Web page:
Weather and climate
The Arctic islands are characterised by a range of climates. The most extreme is the dry continental climate of the interior of the Greenland ice sheet, and some favoured eastern fjords, while other areas a relatively mild, with a strong maritime influence, such as Svalbard. Inevitably, we depict the Arctic in the most favourable weather conditions, but at least the photographs in this section give an indication of the range of conditions experienced by the visitor, albeit mostly in summer.
Probably the best summer weather in the Arctic occurs in East Greenland,informally known as the ‘Arctic Riviera’. Anticyclonic conditions give rise to clear blue skies; these may persist for several weeks. Precipitation is low and glaciers exist only at high elevations.
Coastal fog may persist for many days in maritime areas such as Spitsbergen, but then may lift to form low clouds, at which point drizzle begins to fall. Dull, calm days like this are typical of weather conditions during the summer in Spitsbergen.
Thick banks of fog, formed offshore, build up during the summer ‘nights’ and extend into the inner reaches of fjords. If you are lucky, the fog burns off during the day as in Kongsfjorden, NW Spitsbergen.
A low evening sun illuminates the Isfjord Radio weather station in Spitsbergen against a dark background of fog. This station is located at the southern entrance to the fjord. Spitsbergen has one of the longest running meteorological records in the Arctic, spanning 90 some years.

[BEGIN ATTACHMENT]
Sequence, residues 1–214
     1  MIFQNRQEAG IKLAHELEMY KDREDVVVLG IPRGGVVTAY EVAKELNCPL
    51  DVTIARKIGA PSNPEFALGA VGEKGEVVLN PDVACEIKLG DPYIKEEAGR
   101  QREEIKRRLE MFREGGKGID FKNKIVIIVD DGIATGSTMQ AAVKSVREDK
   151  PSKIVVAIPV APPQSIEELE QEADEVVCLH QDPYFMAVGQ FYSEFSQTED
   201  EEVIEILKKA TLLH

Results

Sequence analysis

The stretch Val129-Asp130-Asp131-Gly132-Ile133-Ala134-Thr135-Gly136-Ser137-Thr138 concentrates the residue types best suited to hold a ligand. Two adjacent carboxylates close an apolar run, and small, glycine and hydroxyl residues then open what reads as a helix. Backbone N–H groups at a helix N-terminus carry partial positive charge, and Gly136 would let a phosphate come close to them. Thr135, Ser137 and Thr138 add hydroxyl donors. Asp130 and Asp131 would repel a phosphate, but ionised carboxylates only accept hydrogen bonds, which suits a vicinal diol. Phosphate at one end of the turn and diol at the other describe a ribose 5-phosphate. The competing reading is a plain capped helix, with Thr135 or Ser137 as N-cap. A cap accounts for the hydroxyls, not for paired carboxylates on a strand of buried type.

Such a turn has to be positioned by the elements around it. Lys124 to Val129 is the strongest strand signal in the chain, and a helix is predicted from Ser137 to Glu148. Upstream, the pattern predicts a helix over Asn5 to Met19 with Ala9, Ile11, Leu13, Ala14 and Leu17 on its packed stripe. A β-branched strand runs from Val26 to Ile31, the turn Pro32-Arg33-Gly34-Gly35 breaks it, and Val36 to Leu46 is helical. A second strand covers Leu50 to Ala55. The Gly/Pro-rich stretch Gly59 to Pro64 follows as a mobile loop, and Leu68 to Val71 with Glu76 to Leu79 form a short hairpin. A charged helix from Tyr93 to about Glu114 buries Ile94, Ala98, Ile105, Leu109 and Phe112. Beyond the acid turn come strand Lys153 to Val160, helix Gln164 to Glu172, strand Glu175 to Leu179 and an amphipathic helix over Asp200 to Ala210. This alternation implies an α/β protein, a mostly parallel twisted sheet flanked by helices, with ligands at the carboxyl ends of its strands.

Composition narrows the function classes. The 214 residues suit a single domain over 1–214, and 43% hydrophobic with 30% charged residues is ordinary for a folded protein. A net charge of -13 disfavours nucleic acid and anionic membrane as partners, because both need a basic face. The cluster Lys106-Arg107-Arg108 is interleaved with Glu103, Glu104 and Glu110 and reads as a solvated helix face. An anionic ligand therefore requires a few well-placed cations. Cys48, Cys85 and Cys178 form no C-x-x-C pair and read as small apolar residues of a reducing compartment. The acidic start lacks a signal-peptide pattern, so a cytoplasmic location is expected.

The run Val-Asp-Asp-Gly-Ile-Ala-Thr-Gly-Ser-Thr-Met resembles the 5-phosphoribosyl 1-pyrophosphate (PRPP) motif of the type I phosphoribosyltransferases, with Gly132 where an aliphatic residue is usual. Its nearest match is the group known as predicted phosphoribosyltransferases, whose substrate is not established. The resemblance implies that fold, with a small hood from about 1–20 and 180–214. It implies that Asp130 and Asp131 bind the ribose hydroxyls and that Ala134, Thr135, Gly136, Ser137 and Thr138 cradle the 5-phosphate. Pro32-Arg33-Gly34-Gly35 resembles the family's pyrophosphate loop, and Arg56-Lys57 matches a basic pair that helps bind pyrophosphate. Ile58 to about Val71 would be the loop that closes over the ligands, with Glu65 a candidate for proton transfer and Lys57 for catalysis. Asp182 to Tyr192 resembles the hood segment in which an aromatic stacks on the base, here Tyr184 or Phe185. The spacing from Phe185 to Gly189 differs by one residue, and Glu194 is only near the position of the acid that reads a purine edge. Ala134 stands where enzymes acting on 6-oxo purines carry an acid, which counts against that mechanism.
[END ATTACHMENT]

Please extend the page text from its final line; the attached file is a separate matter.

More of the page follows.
Lenticular clouds above the icefield of Lomonosovfonna, north-east Spitsbergen indicate high winds aloft and the imminent arrival of blizzard conditions. Sometimes known as hogsbacks, these clouds form over high ground and remain stationary.
Life in the Arctic benefits from the persistence of the midnight sun in high summer. Here, on the island of Ella Ø in East Greenland, the midnight sun causes the surrounding glacier-capped mountains to be reflected in a small lake.
Blizzard conditions can occur at any time of the year in the Arctic, especially at elevations above 500 m. Here a geologists’ camp at 1000 m on Wilsonbreen in north-east Spitsbergen has become almost buried by a July blizzard that lasted 3 days.
Scientists here are emerging from their camp after a mid-summer blizzard, as eddies of wind-blown snow hurtle down glacier in the distance. Although much of the surface was swept clear of snow, the camp has attracted a large drift, even though the tents are widely spaced to avoid burial.
Wind is an important factor in controlling the distribution of snow. At its most extreme wind carves out clefts between the glaciers and rock walls at high elevations, called wind scoops. This example borders the glacier Haakenbreen in western Spitsbergen.
Late August sees the disappearance of the midnight sun for the first time (if not otherwise obscured by cloud). Here a Cambridge University motor boat is sailing past the mouth of Isfjorden, as the midnight sun dips behind the mountains to the north.
|Photos: Michael Hambrey|